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Governance in Afghanistan - a victim of West's wrong strategy

2016-01-06 Vicigo

When United Nations announced its plan for Syria, many of us might have remembered the countries for which United Nations or Western powers had had plans. Afghanistan is one of those countries for which West, mainly United States, had a plan of a 'good governance' that would entail a stable country. Was the plan successful? It is doubtful. Firstly, it is better to comprehend why there was a need for Afghanistan, to understand why the outcome was doubtful.

As it is known, Afghanistan was ruled by the totalitarian government - Taliban -  between 1996 and 2001. During those years, the country had no instutitions which are the core elements of a state. It was when the Western powers decided to have a good governance in the country that would be called post-Taliban government later.

Between 2001 and 2008, there were several conferences such as Bonn Conference, Afghanistan Compact or Afghanistan National Development Strategies. Throughout the process, the main goals were 'state-building' including improving human rights and developing characteristics of good governance - rule of law and transparency.


In spite of the all struggles made, the outcome was in contrast to a stable country. Despite Afghanistan had an elected government in 2004, Western countries could not achieve what they aimed. What were the reasons? What was wrong that Afghanistan could not have a stable, a democratic government?

According to several scholars, it was not successful because of the wrong policy - a centralized government - that the West adopted. Basically, Western countries desired to implement a policy to which Afghanistan was not familiar. The policy of a centralized government was totally contrary to the regime that Afghanistan has had. Afghanistan has always been a fragile state with armed conflicts, political instability and weak economy apart from having an ethnically divided population. The latter was the one of the most important feature of the country as Afghanistan was divided into provinces which once had local governments.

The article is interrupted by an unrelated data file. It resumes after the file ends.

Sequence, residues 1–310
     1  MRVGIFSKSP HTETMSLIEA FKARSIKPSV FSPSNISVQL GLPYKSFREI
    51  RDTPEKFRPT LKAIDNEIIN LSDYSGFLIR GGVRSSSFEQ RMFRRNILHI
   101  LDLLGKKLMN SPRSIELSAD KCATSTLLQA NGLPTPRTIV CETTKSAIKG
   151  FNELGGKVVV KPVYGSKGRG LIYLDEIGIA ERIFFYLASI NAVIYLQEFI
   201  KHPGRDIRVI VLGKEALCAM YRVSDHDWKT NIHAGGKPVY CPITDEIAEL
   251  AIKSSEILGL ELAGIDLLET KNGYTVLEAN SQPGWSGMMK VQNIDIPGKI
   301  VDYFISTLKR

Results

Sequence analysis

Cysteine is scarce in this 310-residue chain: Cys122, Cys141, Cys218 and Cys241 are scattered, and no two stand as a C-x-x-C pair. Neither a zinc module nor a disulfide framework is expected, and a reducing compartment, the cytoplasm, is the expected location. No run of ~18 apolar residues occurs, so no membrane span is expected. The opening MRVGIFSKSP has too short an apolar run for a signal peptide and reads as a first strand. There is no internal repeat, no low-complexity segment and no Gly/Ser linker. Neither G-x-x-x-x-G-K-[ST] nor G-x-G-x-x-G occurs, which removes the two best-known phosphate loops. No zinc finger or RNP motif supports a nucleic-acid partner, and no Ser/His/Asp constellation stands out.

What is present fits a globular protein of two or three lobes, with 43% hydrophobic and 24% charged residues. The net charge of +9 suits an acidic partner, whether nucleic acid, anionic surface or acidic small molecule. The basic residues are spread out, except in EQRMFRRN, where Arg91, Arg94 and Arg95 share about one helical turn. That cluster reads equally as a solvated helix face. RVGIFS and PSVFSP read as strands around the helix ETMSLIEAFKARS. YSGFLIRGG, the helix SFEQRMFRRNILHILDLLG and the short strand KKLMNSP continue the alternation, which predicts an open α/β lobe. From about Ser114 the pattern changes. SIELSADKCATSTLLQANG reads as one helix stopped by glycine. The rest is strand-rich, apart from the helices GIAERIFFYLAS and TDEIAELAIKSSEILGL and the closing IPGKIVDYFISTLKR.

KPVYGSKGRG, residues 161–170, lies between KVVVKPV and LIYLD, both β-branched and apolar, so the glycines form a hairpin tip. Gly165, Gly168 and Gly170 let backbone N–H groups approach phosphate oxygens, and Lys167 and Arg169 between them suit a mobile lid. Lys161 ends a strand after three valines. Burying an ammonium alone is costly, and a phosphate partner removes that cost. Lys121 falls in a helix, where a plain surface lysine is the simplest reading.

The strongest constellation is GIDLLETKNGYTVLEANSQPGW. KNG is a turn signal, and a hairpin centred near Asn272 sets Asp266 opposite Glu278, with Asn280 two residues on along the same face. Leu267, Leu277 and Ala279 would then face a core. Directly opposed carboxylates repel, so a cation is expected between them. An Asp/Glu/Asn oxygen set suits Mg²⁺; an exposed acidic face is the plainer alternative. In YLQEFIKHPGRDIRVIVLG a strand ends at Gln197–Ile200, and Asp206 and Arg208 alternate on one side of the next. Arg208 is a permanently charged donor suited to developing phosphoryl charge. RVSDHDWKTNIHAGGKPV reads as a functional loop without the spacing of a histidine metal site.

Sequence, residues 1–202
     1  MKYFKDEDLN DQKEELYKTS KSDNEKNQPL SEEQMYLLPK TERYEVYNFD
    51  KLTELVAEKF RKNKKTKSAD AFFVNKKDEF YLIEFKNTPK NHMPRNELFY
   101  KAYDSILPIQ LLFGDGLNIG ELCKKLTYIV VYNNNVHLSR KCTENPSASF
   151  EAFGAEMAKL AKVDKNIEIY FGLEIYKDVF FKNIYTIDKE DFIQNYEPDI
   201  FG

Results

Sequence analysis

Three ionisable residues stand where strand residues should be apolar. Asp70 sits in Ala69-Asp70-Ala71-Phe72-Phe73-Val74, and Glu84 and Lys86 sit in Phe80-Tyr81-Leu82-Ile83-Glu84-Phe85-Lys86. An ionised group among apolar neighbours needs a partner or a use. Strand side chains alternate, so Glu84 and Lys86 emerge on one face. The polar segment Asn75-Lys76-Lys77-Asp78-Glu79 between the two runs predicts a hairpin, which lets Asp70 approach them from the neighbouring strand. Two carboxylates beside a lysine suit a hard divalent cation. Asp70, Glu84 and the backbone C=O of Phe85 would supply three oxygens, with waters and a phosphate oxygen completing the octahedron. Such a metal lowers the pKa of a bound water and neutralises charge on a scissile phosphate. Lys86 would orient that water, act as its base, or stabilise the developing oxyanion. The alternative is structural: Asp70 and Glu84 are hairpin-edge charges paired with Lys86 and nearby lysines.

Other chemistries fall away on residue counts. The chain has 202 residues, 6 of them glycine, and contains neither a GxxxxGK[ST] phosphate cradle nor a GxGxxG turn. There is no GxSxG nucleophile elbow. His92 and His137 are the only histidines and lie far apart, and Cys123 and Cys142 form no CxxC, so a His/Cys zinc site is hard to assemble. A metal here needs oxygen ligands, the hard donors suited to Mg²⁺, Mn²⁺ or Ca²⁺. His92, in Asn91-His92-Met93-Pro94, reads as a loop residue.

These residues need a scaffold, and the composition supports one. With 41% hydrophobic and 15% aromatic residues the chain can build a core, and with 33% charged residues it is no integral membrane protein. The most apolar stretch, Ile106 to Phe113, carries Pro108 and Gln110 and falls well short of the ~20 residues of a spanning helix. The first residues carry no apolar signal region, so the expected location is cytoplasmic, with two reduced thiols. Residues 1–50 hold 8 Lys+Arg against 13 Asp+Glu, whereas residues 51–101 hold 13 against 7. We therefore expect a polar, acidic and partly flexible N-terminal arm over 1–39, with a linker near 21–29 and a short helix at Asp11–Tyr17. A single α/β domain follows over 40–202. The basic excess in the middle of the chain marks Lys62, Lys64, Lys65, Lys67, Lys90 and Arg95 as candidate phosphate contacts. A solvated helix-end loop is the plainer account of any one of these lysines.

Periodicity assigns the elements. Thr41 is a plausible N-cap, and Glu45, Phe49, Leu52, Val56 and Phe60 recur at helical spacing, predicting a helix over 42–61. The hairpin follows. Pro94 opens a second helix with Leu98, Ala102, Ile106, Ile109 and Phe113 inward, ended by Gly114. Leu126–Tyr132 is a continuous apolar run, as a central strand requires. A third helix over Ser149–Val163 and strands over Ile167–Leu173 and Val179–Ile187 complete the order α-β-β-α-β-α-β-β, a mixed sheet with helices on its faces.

Afghanistan divided into provinces which differ ethnically and socially from each other

All in all, Western countries were wrong as they neglected the regions and could not think of a decentralized government. Many scholars have claimed that the weak centralized government not only led to failure in government authorities in provinces but also to inequities in terms of resources.

Consequently, the most significant feature of the country - center-periphery relation - was missing. The Western powers have been unsuccessful due to their lack of knowledge about the land the culture of the country they would like to 'straighten'.

Is there a possibility that it might happen with Syria as well? As it is a country divided religiously and ethnically, has the plan for Syria the same risk? Does West have the enough knowledge concerning the country, and the whole region that would not end up with a failure like Afghanistan? Unfortunately, we can not know it until it is tried.

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